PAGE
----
Aspiring musician Jeff Buckley (Penn Badgley), 24, leaves California for New York in 1991 to reluctantly perform in a concert tribute, at Brooklyn’s St. Ann’s Church, to his singer-songwriter father, Tim Buckley, who died of a heroin overdose in 1975, at 28.
That’s pretty much what there is of narrative drive in Greetings From Tim Buckley. Yet director Daniel Algrant (Naked in New York, People I Know), working from a script by Emma Sheanshang and David Brendel, etches a haunting tone poem about the bond between a father and son who barely knew each other. In flashbacks, we see Tim (Ben Rosenfield) building a career that included nine albums with scant attention to family, except for sneaking into the home of his ex-wife to watch his son in his crib.
Algrant mostly dodges tear-jerking with the help of actors who stay alert to nuance, including Norbert Leo Butz as Hal Willner, the concert organizer, and a radiant Imogen Poots as Allie, an intern who tags along as Jeff visits his dad’s old haunts instead of rehearsing.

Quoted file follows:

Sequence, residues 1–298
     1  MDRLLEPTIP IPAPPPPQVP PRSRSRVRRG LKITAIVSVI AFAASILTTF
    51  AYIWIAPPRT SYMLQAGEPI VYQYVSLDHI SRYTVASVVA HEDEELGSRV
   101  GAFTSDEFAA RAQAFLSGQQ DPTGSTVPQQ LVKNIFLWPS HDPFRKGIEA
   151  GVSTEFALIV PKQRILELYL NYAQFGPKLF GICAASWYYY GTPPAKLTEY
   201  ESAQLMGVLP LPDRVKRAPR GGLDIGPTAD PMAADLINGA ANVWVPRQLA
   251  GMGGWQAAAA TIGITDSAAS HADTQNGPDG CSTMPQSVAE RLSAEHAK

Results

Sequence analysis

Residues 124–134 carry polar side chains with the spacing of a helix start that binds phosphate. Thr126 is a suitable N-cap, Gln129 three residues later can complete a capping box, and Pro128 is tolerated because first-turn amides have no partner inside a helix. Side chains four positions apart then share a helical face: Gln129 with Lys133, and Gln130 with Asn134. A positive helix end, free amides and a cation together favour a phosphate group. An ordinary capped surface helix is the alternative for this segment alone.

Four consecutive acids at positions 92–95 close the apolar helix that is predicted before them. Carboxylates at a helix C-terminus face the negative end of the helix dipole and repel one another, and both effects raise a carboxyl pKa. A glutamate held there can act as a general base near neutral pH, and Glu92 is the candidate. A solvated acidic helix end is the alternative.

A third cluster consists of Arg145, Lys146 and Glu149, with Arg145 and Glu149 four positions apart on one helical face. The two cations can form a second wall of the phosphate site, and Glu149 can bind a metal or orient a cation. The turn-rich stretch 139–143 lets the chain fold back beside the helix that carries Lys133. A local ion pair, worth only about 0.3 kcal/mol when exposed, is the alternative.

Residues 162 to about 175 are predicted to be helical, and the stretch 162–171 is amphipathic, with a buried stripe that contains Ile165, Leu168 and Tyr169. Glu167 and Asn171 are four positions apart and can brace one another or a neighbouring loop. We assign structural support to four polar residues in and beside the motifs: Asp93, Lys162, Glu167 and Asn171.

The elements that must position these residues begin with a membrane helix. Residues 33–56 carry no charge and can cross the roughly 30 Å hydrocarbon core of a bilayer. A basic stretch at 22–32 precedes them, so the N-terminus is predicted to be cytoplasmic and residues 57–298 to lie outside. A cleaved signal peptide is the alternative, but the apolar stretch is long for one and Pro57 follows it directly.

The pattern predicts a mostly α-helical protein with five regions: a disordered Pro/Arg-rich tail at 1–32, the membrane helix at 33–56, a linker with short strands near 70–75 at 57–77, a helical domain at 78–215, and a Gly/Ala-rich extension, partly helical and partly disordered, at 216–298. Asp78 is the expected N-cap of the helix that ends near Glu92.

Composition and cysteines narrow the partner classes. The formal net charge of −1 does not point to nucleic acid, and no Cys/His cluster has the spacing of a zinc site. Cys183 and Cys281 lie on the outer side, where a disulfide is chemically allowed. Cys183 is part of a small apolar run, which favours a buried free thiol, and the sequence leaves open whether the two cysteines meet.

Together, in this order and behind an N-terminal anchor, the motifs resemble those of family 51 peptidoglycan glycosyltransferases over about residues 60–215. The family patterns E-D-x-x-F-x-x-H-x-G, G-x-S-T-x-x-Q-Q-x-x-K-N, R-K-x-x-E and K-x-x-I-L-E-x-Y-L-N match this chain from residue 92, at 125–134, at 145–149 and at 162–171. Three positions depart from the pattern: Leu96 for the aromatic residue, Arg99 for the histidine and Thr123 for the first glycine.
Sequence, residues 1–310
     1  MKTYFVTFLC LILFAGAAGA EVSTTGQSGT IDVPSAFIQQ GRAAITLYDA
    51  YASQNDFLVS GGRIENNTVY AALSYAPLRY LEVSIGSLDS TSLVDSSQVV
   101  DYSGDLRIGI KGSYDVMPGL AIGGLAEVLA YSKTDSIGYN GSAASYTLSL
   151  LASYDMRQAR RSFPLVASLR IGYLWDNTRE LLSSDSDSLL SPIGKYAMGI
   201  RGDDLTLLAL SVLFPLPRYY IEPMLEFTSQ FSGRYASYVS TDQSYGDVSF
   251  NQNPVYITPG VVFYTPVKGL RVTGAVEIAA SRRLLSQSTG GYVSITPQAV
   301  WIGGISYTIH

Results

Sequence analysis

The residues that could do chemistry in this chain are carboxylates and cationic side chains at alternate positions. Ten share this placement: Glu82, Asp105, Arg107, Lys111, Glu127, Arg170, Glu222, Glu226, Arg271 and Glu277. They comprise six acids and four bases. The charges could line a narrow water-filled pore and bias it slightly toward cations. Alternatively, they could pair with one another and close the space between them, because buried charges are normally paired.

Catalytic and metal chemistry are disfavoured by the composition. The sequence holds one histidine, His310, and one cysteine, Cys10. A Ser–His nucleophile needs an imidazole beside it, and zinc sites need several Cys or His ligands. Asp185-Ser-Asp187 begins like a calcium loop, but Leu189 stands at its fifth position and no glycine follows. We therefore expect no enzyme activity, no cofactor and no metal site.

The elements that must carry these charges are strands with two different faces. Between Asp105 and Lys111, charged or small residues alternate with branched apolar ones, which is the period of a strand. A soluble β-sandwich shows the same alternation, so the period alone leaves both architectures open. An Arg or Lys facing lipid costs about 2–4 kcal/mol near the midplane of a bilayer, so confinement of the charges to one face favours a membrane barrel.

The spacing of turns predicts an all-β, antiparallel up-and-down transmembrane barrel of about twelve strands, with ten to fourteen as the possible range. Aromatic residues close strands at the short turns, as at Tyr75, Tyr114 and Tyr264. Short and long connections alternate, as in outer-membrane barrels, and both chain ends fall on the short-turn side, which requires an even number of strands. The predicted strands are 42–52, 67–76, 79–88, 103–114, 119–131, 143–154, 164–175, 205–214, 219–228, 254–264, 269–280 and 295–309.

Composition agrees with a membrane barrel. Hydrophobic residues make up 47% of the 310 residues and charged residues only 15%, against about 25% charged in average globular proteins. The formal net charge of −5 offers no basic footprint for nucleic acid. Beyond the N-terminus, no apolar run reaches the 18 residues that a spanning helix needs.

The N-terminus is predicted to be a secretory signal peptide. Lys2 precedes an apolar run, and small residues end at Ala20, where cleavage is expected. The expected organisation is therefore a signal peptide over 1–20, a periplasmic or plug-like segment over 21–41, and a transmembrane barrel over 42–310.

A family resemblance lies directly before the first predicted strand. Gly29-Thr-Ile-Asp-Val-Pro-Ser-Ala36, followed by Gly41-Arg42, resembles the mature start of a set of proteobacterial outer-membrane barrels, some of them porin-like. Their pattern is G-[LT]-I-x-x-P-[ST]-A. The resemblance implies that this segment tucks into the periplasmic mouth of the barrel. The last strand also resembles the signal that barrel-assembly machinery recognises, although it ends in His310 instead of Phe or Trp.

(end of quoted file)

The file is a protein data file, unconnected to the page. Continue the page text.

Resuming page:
Badgley, best known for playing “lonely boy” Dan Humphrey on Gossip Girl, is a revelation. He wears his role like a second skin, catching Jeff’s quirky humor (a scene at a record store where Jeff imitates rock legends is a blast) and the raw nerve he exposed in his vocals. At the concert, singing Tim’s “Once I Was” a cappella when a guitar string breaks, an unknown reveals the artist he will become. Jeff’s accidental drowning death in 1997, at 30, underscores the sense of loss in a heartfelt and deeply moving film. It’ll get to you.